Community shares helped a struggling village revive its harbour.
Portpatrick, on the west coast of Scotland, was once the closest crossing to Donaghadee in Northern Ireland. But the storms that whipped through the North Channel destroyed the crossing so many times that it moved to nearby Stranraer. Villagers were keen to maintain the harbour for pleasure sailors who might spend their evenings – and their money – in the town’s restaurants and pubs. In 2012, a local trust paid £350,000 to bring the harbour into community ownership. It was later valued at just £75,000.
In the scramble to pay considerable debts to the harbour’s previous private owners, Calum Currie, a local oil technician, landed on the idea of selling community shares in the harbour and becoming Scotland’s first community benefit society. In 2015, 554 shareholders from as far away as Canada and Bermuda invested in Portpatrick harbour, raising £100,000. Since, the Portpatrick Harbour community benefit society has secured an extra piece of land from Dumfries and Galloway council for £1, and built a new toilet and shower block for visitors.
Under the Community Empowerment Act (Scotland) 2015, community groups like Portpatrick Harbour community benefit society can take control of local facilities. The society also qualifies for financial relief to run the facilities through several exemption schemes backed by the government. Thanks to these subsidies, Portpatrick Harbour has now employed two local people to maintain its facilities.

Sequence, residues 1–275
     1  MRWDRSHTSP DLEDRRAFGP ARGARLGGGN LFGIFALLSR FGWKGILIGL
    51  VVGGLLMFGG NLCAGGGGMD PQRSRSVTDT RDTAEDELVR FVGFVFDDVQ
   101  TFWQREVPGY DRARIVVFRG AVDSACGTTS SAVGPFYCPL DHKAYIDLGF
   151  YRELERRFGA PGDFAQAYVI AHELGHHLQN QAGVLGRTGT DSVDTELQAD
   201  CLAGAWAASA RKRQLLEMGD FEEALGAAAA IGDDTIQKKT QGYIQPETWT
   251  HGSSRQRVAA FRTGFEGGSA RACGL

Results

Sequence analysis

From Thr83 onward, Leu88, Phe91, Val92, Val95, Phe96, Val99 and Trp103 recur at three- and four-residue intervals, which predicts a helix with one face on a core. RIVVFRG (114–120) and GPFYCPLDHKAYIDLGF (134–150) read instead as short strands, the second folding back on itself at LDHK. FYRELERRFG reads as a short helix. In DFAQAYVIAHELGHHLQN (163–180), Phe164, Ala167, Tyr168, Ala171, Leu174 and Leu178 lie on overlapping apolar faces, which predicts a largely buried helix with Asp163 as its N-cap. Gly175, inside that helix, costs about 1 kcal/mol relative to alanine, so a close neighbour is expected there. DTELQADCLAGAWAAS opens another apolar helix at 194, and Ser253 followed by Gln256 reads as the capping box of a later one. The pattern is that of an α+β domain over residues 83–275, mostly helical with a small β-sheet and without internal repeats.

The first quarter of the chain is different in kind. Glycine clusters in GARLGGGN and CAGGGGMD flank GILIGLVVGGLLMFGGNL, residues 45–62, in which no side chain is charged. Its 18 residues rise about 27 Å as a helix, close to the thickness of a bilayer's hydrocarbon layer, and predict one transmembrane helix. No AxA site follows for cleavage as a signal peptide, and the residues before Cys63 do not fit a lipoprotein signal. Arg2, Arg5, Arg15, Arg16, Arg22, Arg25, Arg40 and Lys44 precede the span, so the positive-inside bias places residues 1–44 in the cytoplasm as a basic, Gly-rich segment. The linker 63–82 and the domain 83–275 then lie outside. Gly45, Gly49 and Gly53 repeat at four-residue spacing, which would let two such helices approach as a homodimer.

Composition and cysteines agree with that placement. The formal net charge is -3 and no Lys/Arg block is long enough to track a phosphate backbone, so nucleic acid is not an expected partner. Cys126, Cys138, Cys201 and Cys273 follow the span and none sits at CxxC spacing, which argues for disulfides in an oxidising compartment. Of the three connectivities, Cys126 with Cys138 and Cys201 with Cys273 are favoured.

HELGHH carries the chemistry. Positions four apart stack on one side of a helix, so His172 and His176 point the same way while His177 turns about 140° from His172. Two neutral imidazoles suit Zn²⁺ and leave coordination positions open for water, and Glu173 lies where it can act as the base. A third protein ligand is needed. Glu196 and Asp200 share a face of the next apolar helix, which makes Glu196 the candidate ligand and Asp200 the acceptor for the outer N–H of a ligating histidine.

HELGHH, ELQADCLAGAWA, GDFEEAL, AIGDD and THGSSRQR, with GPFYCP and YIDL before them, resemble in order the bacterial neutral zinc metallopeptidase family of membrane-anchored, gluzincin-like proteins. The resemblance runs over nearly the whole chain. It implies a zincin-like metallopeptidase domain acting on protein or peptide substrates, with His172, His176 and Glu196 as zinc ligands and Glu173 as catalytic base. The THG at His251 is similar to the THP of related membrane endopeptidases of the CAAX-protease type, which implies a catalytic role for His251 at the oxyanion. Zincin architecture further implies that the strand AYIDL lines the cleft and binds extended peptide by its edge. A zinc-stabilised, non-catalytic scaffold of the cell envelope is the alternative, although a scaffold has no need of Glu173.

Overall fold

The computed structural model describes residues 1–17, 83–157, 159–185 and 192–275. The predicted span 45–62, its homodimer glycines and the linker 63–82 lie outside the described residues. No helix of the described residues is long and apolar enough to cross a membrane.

“This employment goes some way to initiating the contribution towards the impact on the social and financial wellbeing within the community that the society wishes to impart,” Currie told Portpatrick shareholders in a newsletter in May 2019.
In April 2019, the society secured European funding to restore several buildings on the harbour, to include a washing and drying facility, a workspace and a new harbour office.
Tags Community ownership
New rules needed
Policies that can help unleash the potential of this or similar initiatives across the UK.
Turn RBS into a network of local banks
New banks would be owned in trust for the public benefit and mandated to lend only within their local area.
Create devolved ‘just transition’ funds
Government should devolve a proportion of its Green New Deal budget to support local just transition plans.
Create affordable workspaces
Affordable workspaces are essential to the survival of independent businesses.
Austerity has pummelled living standards and public services. Now is the time to end it.
Implement a Blue New Deal for coastal communities
Put coastal communities in control so they can shape local priorities, value their greatest asset and revitalise the UK coast.
Expand the community and co-operative banking sector
Stakeholder banks can be mandated to serve the public interest or local communities rather than simply to maximise returns.